The end is near for Neoleukin Therapeutics. Months after laying off 40% of its staff and dropping its lead candidate, the de novo protein specialist has revealed plans to part company with 70% of its remaining employees, including its CEO, and hunker down while it searches for a strategic alternative.
In 2019, Neoleukin rode the wave of interest in IL-2 spurred by Bristol Myers Squibb’s massive bet on the cytokine by merging with Aquinox Pharmaceuticals to secure itself a Nasdaq listing and cash. Neoleukin stood out among the clutch of companies seeking to tame IL-2, a powerful but problematic molecule, because it designed a protein to mimic the action of the cytokine from scratch.
Hopes that Neoleukin’s approach would yield better results than other IL-2 programs faded late last year when preliminary monotherapy data from a phase 1 trial of NL-201 caused the biotech to stop work on its de novo IL-2/IL-15 agonist.
At the time, Neoleukin planned to pivot to preclinical, leading it to reduce its head count—which stood at 77 at the end of September—and focus on advancing its next-generation de novo protein therapeutics. With $107 million in the bank, the company calculated that it could keep going into the second half of 2025 without securing additional funding.
Neoleukin has now pulled back from the preclinical pivot plan and tasked SVB Securities with helping it find strategic alternatives such as a sale or merger. Todd Simpson, chairman of the board at Neoleukin, explained the thinking behind the change in plan.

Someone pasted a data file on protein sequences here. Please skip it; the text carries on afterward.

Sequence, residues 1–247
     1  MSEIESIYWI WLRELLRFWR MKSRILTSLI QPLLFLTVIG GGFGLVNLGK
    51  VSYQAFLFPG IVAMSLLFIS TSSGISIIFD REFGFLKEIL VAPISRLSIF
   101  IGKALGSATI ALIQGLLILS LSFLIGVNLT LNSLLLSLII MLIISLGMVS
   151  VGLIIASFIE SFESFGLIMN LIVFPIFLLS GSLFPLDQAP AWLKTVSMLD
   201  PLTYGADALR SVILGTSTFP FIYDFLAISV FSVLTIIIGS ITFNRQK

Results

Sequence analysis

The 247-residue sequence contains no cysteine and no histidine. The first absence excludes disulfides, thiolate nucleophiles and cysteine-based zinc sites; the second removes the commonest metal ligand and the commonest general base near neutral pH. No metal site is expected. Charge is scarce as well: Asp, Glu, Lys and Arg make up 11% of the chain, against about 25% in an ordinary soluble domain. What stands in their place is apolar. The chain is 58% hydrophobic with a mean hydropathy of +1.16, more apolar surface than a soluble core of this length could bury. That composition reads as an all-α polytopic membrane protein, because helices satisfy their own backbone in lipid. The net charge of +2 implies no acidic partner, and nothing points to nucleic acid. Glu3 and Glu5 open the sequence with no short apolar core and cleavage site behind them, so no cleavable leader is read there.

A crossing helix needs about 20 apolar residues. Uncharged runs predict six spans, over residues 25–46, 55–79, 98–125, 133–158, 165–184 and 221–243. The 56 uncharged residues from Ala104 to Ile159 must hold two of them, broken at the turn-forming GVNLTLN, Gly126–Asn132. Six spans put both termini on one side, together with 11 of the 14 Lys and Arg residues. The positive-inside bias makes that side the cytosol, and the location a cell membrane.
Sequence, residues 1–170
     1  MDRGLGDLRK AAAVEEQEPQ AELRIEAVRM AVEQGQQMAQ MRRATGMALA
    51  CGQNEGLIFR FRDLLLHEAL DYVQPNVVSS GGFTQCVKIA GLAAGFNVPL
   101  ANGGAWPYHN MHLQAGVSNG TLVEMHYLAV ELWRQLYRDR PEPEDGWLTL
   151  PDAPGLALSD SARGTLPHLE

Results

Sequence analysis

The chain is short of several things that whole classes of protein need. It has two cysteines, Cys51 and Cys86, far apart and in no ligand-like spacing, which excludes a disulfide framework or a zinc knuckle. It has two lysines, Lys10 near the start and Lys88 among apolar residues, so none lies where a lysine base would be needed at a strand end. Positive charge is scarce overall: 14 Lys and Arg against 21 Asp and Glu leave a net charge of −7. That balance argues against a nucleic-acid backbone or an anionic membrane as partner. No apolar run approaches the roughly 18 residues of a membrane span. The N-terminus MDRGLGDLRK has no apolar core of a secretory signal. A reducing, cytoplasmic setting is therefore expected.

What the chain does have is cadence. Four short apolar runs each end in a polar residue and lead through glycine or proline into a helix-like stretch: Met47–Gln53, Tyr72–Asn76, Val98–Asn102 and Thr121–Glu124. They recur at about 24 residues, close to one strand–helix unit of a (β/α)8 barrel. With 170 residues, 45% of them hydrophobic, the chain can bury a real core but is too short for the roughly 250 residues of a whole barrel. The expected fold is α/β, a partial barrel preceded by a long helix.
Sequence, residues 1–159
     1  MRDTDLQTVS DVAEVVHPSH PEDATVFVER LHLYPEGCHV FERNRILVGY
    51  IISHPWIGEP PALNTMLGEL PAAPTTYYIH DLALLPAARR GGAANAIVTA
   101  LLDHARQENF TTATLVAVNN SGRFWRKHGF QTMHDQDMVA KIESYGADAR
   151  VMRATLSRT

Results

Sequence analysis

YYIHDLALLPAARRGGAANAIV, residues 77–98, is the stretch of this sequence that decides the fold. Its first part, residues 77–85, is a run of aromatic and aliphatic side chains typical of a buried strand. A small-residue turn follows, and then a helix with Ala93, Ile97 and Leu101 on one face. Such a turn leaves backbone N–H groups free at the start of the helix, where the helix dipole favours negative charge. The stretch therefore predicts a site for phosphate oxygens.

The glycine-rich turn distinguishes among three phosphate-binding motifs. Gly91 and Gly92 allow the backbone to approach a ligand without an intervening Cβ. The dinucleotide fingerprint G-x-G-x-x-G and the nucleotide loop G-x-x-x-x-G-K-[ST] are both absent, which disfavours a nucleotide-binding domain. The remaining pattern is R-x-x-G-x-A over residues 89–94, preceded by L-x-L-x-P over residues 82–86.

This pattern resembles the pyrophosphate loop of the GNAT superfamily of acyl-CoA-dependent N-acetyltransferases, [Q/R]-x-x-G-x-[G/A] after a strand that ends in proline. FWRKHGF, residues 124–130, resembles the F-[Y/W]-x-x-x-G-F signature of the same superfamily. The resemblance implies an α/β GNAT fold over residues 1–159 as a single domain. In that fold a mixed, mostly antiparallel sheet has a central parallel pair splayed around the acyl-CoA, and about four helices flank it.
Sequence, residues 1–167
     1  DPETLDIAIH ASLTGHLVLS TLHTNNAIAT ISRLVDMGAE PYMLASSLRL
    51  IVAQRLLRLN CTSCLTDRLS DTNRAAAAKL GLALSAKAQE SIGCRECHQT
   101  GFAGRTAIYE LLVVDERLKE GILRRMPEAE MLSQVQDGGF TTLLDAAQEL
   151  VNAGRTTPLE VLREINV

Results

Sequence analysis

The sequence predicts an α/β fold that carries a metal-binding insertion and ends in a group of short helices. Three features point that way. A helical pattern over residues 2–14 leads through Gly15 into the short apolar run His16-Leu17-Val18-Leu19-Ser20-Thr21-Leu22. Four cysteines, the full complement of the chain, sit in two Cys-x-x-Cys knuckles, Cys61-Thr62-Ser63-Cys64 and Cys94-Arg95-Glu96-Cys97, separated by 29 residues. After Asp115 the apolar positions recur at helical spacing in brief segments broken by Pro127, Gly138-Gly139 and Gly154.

“Based on the anticipated time and investment necessary to further develop the technology and potential product candidates in this challenging capital markets environment, we believe that it is appropriate to pursue other strategic options,” Simpson said in a statement.
As part of the changes, Neoleukin CEO Jonathan Drachman, M.D., will be stepping down “after a short transition.” Drachman is one of a number of Neoleukin employees who may now be polishing up their résumés. With the 70% layoffs coming hot on the heels of the 40% head count reduction, Neoleukin is down to a small crew, enabling it to preserve cash as it looks for an exit.